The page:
A native of Hollywood and the daughter of an electrician at Warner Brothers studios, she was born in a house on Hollywood Boulevard in 1919. When her father was killed in a freak accident in 1929, his widow was left to bring up Eleanor and her sister Jane on a small studio pension. Norris later stated that she grew up fast when her father died and became "a pretty direct and straightforward young lady".
She took dancing lessons as a child, and at 15 left school to become part of a night-club dancing troupe, Six Blondes from Hollywood, which toured the world. At 17, she was working in Harry Richman's New York night- club, and the same year she signed a contract with MGM, appearing in the chorus of such musicals as Born to Dance (1936) and Rosalie (1937). "We were making musicals one after the other at that time," she later recalled.
Her first meeting with Keaton, in 1938, was due to her desire to become a good bridge player. She had confessed to a boyfriend, an acquaintance of Keaton's brother Harry, that she wanted to improve her game, and, since Keaton was known to be one of the best bridge players in Hollywood, the boyfriend asked Harry to take Norris to one of Keaton's bridge evenings.
She quickly realised that Keaton, who had been divorced by his second wife in 1936, needed not only a wife but "a combination valet, cook, housekeeper, bill payer, and constant reminder". Against the advice of both her own friends and Buster's, she married Keaton in May 1940, when Norris was just 21 and Keaton 44. "His friends said he'd had enough trouble in his life without adding me," said Norris later, "and that I should go away and leave him alone. He'd had two bad marriages and didn't need a third."
The wedding, performed in courthouse chambers, was later described as something like a Keaton two-reeler. Norris was accompanied by her mother, and the judge assumed that Keaton wanted to marry Mrs Norris, who was closer in age to the comedian. Ignoring Eleanor, the judge tried to marry her mother to Keaton. After the situation was clarified, he was so flustered that he referred to the bride throughout the ceremony as Morris. The sound of fire-engine sirens speeding past the building drowned most of the latter part of the ceremony and the couple were finally pronounced man and wife by a screaming judge.
Keaton was living with his mother, but his new wife got along with her and continued her dancing job as well as running the household. In one of the films for which her husband supplied gags, Bathing Beauty (1944), Norris swam alongside Esther Williams. At the end of the Second World War, when Keaton's sister, brother and brother's family of four moved in with them, Norris cooked and kept house for all of them.
With the wartime boom in movie-going ending, MGM drastically reduced their payroll and fired many of their small-part players and chorus members, including Norris, but the end of the war in Europe opened a new career for her husband. Buster Keaton's reputation had survived in France more than his own country, and when the famed Cirque Medrano in Paris asked him to appear with them he devised an act which would include Norris in one of Keaton's most famous conceptions.
First performed in Spite Marriage (1929), the "putting a drunk woman to bed" routine involved Keaton trying to get his intoxicated wife into bed without waking her up. Her totally inert body refuses to respond to his wishes, constantly sliding into grotesque positions. When he finally gets her into a chair she slides off it, and when he puts her on the bed and tries to roll her over, she rolls off on to the floor again. After several minutes of hilarious pantomime, he finally gets the girl into bed and the bed collapses to the floor. The routine was reworked by Keaton when MGM remade the film as I Dood It (1943), with Red Skelton and Eleanor Powell performing the scene, and at the Cirque Medrano Keaton performed it with his wife.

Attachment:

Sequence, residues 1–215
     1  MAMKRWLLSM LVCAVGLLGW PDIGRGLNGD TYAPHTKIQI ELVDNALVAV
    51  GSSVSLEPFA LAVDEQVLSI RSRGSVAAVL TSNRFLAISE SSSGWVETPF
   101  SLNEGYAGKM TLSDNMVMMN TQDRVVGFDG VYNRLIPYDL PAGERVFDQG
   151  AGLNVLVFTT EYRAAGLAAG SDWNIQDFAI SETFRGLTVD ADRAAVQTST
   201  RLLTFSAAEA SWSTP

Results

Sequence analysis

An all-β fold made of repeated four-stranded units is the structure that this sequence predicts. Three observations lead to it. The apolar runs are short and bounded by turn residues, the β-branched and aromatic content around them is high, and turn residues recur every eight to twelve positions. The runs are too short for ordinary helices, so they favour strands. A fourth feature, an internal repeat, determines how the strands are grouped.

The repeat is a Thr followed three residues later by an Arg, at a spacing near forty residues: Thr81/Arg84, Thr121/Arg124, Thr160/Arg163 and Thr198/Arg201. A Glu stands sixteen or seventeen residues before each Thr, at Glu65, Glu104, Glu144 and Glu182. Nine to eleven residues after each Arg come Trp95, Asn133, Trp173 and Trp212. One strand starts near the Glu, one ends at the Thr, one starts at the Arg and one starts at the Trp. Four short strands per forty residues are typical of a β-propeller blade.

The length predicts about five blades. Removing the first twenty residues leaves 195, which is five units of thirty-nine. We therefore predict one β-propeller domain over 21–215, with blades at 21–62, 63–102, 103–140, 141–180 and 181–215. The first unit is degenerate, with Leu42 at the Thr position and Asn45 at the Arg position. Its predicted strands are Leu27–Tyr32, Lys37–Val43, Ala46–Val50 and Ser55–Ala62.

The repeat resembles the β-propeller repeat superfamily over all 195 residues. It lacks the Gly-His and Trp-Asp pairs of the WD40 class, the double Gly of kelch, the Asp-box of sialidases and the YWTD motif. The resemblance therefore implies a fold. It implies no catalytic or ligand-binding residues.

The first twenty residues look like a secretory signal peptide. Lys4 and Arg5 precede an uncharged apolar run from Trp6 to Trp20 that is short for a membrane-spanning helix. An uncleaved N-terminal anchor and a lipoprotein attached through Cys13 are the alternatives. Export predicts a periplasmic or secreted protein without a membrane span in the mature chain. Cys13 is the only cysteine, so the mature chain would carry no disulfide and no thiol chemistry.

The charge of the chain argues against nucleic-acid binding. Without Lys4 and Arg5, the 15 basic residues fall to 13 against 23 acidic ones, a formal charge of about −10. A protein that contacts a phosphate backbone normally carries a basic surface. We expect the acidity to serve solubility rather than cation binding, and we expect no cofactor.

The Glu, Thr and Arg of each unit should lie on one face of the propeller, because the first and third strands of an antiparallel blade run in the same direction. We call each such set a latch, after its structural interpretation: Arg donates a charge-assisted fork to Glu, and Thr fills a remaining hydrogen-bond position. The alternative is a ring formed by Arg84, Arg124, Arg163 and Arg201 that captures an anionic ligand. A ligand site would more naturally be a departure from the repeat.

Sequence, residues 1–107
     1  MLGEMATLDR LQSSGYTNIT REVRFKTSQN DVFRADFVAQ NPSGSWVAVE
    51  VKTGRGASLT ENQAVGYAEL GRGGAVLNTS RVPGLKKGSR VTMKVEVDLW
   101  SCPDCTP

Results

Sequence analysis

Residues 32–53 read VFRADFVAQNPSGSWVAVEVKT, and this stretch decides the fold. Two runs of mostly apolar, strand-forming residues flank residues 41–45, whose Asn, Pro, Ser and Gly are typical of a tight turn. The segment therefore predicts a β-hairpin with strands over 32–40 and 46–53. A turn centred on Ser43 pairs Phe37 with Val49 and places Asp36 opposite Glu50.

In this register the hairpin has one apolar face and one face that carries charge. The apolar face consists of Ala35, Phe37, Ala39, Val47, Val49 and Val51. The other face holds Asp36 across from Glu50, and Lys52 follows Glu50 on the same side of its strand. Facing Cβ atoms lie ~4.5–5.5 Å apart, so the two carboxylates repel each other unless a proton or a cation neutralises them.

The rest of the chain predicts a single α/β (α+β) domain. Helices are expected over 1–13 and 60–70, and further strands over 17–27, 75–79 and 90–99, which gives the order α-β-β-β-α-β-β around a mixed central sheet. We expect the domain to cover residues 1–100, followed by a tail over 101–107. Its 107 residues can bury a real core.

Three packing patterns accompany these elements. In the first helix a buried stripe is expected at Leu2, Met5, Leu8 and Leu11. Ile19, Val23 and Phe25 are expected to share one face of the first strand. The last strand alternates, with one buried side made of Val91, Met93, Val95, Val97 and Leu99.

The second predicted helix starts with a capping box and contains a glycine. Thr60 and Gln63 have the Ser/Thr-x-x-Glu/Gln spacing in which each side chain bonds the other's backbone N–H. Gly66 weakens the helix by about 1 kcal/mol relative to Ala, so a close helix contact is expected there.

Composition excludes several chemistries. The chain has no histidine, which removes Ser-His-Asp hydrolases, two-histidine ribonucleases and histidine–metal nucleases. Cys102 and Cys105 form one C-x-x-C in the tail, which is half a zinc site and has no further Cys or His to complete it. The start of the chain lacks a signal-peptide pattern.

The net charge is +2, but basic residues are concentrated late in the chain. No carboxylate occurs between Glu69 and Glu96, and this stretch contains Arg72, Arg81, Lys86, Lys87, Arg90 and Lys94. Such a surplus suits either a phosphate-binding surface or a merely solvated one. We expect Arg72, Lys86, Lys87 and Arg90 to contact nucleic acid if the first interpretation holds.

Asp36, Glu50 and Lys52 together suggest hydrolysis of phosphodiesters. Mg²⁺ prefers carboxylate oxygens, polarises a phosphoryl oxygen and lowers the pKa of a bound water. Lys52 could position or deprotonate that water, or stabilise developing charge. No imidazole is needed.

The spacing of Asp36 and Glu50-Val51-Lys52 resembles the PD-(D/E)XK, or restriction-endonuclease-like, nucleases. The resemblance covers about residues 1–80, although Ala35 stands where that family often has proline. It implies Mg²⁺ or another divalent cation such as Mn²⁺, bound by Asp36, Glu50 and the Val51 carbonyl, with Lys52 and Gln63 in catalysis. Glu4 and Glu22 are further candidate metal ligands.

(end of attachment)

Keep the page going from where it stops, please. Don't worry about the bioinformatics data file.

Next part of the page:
The show (the comic's first major vaudeville appearance in 30 years) was a hit, and Keaton and Norris then appeared on variety bills in Italy, Scotland and in England, where they appeared in a nostalgic show featuring such former headliners as George Robey, Hetty King and Wee Georgie Wood. They also returned several times to Paris and the Cirque Medrano, and toured Europe for several months a year into the early Fifties.
Keaton still had bouts with alcoholism, but the strong-willed Norris coped with this. She also learned to play basketball, the comic's favourite game, went camping with him, played bridge, and accompanied him on tours. "We had 28 years together," she said after his death, "and I think only twice was he on the road alone."
In 1957, with Keaton's genius now acknowledged and a new generation discovering his silent classics, Paramount decide to film his life story. Though The Buster Keaton Story was a poor film ("When we saw it, my stomach turned over, it was so awful," said Norris), the $60,000 paid to Keaton for the rights to his life-story enabled the couple to at last have a home of their own, a ranch in the San Fernando Valley, where they happily resided until Keaton's death in 1966.
As his widow, Norris continued to support her husband's memory, travelling to film festivals around the world, and happily co-operating with biographers and historians eager to share her insights into the man and his work. She raised champion St Bernard dogs, descendants of Keaton's dog Junior, several of which appeared in the Beethoven films, and also volunteered time at the Los Angeles Zoo. She also worked as a gag consultant for such comics as Mel Brooks.
Eleanor Ruth Norris, actress: born Hollywood, California 1919; married 1940 Buster Keaton (died 1966); died Woodland Hills, California 20 October 1998.